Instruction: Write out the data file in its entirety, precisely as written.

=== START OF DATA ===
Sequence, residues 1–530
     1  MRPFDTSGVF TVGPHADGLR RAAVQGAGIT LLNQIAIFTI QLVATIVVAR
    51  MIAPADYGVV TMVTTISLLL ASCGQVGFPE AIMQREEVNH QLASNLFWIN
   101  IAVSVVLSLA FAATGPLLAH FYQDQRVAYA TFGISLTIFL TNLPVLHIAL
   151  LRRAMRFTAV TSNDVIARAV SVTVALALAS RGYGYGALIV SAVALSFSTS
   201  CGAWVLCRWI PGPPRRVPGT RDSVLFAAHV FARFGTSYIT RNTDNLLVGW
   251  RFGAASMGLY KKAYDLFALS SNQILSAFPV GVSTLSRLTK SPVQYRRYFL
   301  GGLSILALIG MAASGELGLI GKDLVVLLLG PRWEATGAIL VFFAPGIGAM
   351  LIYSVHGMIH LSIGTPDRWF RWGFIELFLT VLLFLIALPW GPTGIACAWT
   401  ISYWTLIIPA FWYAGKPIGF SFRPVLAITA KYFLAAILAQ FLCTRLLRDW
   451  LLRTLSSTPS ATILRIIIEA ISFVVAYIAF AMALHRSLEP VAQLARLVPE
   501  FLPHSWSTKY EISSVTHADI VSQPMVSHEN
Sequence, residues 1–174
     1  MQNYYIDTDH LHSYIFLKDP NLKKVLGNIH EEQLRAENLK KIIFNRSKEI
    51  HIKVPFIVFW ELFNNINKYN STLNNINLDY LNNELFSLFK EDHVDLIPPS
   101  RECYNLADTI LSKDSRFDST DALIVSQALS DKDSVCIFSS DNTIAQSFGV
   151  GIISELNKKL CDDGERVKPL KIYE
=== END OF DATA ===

Sequence, residues 1–530
     1  MRPFDTSGVF TVGPHADGLR RAAVQGAGIT LLNQIAIFTI QLVATIVVAR
    51  MIAPADYGVV TMVTTISLLL ASCGQVGFPE AIMQREEVNH QLASNLFWIN
   101  IAVSVVLSLA FAATGPLLAH FYQDQRVAYA TFGISLTIFL TNLPVLHIAL
   151  LRRAMRFTAV TSNDVIARAV SVTVALALAS RGYGYGALIV SAVALSFSTS
   201  CGAWVLCRWI PGPPRRVPGT RDSVLFAAHV FARFGTSYIT RNTDNLLVGW
   251  RFGAASMGLY KKAYDLFALS SNQILSAFPV GVSTLSRLTK SPVQYRRYFL
   301  GGLSILALIG MAASGELGLI GKDLVVLLLG PRWEATGAIL VFFAPGIGAM
   351  LIYSVHGMIH LSIGTPDRWF RWGFIELFLT VLLFLIALPW GPTGIACAWT
   401  ISYWTLIIPA FWYAGKPIGF SFRPVLAITA KYFLAAILAQ FLCTRLLRDW
   451  LLRTLSSTPS ATILRIIIEA ISFVVAYIAF AMALHRSLEP VAQLARLVPE
   501  FLPHSWSTKY EISSVTHADI VSQPMVSHEN
Sequence, residues 1–174
     1  MQNYYIDTDH LHSYIFLKDP NLKKVLGNIH EEQLRAENLK KIIFNRSKEI
    51  HIKVPFIVFW ELFNNINKYN STLNNINLDY LNNELFSLFK EDHVDLIPPS
   101  RECYNLADTI LSKDSRFDST DALIVSQALS DKDSVCIFSS DNTIAQSFGV
   151  GIISELNKKL CDDGERVKPL KIYE